“Alien” and “Blade Runner” director to explore how the work of Arthur C. Clarke, Philip K. Dick and others inspired technology
Ridley Scott is about to space out with a new series for Discovery's Science Channel.
Discovery announced Monday that the director of "Alien" and "Blade Runner" will host a new series, "Prophets of Science Fiction," to premiere on Science on Nov. 9.
Each episode will explore the work of a science-fiction visionary, and how their work affected the world at large.
The first installment, which will revolve around "Frankenstein" author Mary Shelley, will delve into how Shelley's best-known work provided inspiration for the technology of organ transplants and heart defibrillators, among other technologies.
Also read: Ridley Scott to Direct Another "Blade Runner" — It Won't Be a Remake
Other authors to be profiled include H.G. Wells, Robert Heinlein, Jules Verne and Philip K. Dick — whose "Do Androids Dream of Electric Sheep" served as the basis for Scott's 1982 film "Blade Runner,"
“For years I have been fascinated with the connection between creative inspiration and scientific progress,” Scott said in the announcement. “Often there is an attempt to separate the worlds of art and science, when in reality the two are inseparably linked. I am thrilled to work with Science on'Prophets of Science Fiction,' which will be the definitive exploration of science fiction’s ability to spark real-world genius.”
See the full schedule for "Prophets of Science Fiction" below.
Premieres Wednesday, Nov. 9, at 10 p.m. (ET/PT)
Mary Shelley set out to create a monster–along the way she created a masterpiece. In 1816, teenager Mary begins stitching together a patchwork of ancient legend, modern technology, and personal tragedy — giving life to her novel, "Frankenstein" — and the genre of science fiction.
Premieres Nov. 16 (Tentative)
H.G. Wells’ self-penned epitaph underscores a lifetime of grim — yet uncanny — prophecy. With stories like "The Time Machine," "The Invisible Man," "The World Set Free" and "The War of the Worlds," H.G. Wells established himself as a sci-fi writer of almost clairvoyant talent. But these tales of hi-tech adventure hold an ominous warning: beware the dark side of progress. Our greatest innovations could very well become the tools of our own destruction.
Philip K. Dick
Premieres Nov. 23 (Tentative)
Literary genius, celebrated visionary, paranoid outcast, writer Philip K. Dick lived a life of ever-shifting realities straight from the pages of his mind-bending sci-fi stories. His books have inspired films like "Blade Runner," "Total Recall," and "Minority Report" and his ideas have influenced the development of real-life breakthroughs in everything from robotics to law enforcement. The brilliant, troubled sci-fi legend’s work confronts readers with a deceptively simple question; “What is reality?”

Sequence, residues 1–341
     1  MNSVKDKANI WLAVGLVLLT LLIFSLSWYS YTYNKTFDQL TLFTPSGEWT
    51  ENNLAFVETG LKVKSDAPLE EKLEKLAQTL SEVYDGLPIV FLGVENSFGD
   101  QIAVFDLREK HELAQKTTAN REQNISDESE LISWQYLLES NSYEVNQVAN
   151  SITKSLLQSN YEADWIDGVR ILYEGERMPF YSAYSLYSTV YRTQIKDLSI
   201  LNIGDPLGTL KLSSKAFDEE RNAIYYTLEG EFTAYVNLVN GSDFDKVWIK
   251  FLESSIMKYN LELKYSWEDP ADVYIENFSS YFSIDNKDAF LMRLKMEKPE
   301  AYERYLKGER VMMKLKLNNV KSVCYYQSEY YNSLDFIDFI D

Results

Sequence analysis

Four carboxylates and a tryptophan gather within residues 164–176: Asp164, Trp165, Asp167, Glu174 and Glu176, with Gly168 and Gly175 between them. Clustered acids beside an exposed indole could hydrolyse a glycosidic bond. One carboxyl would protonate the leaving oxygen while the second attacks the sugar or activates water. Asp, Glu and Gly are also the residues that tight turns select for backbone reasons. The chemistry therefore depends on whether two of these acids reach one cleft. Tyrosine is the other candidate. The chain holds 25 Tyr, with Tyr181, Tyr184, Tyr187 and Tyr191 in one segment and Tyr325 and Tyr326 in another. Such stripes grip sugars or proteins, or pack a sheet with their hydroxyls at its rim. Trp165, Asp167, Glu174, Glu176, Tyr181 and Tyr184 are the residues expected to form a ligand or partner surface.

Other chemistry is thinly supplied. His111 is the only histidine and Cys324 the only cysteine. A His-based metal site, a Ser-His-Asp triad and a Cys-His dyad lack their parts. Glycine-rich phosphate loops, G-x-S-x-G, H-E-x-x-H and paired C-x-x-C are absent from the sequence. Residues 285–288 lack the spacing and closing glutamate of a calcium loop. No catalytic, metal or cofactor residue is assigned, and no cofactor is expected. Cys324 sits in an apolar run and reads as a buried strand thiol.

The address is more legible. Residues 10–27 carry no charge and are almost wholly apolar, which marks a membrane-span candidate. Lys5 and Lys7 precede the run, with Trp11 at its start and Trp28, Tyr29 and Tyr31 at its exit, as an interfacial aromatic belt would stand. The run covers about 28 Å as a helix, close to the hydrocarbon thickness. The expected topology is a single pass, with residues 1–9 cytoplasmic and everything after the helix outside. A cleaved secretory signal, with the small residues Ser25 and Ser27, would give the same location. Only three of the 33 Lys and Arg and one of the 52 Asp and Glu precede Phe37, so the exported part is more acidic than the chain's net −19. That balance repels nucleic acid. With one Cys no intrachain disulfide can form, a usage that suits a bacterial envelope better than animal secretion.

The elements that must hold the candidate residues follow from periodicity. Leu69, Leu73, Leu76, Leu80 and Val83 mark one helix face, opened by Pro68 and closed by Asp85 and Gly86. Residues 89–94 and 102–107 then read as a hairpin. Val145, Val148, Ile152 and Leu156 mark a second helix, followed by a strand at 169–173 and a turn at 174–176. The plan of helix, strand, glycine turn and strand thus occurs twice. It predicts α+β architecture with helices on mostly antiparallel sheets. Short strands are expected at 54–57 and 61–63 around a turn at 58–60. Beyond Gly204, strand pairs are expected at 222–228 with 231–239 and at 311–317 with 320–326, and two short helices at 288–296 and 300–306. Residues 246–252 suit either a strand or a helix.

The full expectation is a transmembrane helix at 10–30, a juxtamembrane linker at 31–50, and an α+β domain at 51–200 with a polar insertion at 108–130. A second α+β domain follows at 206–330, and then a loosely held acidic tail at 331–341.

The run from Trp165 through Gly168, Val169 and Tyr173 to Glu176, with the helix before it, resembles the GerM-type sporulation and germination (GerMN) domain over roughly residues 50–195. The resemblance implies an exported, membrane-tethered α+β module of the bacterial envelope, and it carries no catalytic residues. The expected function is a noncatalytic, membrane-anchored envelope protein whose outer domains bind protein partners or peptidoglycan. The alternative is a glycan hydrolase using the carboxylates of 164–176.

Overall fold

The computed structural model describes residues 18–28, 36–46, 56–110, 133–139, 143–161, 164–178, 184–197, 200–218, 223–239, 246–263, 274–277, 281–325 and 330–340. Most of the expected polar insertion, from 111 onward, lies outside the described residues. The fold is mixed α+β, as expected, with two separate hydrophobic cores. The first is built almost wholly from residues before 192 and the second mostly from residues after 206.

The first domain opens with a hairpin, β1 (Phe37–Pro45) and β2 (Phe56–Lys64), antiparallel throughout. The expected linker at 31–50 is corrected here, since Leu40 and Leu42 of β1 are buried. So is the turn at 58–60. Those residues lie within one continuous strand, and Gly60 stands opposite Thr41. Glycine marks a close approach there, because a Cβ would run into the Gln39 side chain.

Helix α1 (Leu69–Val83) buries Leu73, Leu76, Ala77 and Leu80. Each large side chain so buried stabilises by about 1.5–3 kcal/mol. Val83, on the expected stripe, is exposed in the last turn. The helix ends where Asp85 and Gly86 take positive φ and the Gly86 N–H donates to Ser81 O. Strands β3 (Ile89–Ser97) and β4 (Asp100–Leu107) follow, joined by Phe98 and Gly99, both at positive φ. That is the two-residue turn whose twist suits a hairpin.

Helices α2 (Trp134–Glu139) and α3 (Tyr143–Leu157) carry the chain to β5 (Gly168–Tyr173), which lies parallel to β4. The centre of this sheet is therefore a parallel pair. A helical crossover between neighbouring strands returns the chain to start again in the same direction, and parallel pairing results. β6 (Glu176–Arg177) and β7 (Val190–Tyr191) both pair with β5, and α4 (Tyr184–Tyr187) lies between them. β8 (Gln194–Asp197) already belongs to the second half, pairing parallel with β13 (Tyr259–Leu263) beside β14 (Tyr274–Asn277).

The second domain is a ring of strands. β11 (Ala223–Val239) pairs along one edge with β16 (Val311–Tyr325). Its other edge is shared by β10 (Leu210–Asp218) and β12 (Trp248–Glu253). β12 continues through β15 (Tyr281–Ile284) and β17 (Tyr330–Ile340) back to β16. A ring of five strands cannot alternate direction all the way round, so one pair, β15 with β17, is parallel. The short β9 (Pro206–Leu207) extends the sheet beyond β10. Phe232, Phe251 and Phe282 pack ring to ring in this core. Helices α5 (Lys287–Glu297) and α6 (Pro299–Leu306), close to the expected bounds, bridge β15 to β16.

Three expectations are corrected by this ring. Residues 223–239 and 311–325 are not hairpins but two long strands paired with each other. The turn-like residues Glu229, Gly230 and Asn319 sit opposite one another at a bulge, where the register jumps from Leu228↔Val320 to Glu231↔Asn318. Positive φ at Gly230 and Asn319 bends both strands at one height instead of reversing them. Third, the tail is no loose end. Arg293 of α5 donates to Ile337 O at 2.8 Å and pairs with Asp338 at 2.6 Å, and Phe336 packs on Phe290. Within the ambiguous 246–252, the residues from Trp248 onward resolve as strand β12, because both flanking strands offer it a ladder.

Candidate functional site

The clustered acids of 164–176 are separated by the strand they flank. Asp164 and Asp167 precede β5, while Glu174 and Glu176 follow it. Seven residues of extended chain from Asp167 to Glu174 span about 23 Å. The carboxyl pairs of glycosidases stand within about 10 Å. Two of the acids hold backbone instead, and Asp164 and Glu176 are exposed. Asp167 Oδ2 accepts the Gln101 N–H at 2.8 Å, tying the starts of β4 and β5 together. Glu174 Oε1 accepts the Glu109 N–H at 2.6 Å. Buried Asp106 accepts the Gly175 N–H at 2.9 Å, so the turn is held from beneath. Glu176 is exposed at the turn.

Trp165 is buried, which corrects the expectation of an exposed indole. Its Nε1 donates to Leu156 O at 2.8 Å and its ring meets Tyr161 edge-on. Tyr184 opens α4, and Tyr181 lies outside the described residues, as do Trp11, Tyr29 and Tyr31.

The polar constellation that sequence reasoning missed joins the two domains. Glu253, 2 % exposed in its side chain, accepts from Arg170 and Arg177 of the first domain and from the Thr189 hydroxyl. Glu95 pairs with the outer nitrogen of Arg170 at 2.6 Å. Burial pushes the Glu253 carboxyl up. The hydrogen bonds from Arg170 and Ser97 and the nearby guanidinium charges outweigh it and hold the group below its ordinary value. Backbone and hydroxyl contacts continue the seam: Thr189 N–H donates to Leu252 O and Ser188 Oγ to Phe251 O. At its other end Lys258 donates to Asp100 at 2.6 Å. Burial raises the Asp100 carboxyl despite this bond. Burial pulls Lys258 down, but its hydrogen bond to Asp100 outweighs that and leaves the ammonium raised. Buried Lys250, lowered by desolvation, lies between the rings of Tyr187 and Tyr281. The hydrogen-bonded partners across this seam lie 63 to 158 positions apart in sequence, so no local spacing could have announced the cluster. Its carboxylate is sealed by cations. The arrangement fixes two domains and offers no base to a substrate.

Arthur C. Clarke
Premieres Nov. 30 (Tentative)
Some sci-fi storytellers are content to merely predict — but Sir Arthur C. Clarke creates. The writer is single-handedly responsible for the cornerstone of modern telecommunication technology – the satellite. Clarke’s collaboration with director Stanley Kubrick on the iconic "2001" predicted videophones, iPads, and commercial spaceflight – all while redefining science-fiction cinema for a new generation. His sci-fi legacy inspires us to unveil the mysteries of the universe, confident in the knowledge that science is the new magic.
Premieres Wednesday, Feb. 1 (Tentative)
Isaac Asimov dreamed a better future where we need not fear our own technology. His "I, Robot" stories of a sci-fi future where robots can do our jobs for us led to the creation of real-life industrial robots–and paved the way for a robo-friendly world. Today, droid doctors save lives performing delicate spinal surgery, and automaton astronauts repair orbital stations in the vacuum of space. And it all started with Isaac Asimov’s futuristic sci-fi vision: a robot in every home.
Premieres Wednesday, Feb. 8 (Tentative)
He put a man on the Moon in the Victorian era. He criticized the Internet…in 1863. Jules Verne is the ultimate futurist, with a legacy of sci-fi stories predicting everything from fuel cell technology to viral advertising. The extraordinary voyages of Jules Verne span from the center of the Earth to the surface of the Moon, inspiring art, industry, culture and technology.
Premieres Wednesday, Feb. 15 (Tentative)
Science fiction legend Robert Heinlein is a walking contradiction. His stories address themes of patriotism, and duty — while stressing the importance of personal freedom and expression. Heinlein’s groundbreaking sci-fi stories like "Starship Troopers" and "Stranger in a Strange Land" continue to challenge readers with the enduing question: “What is freedom?”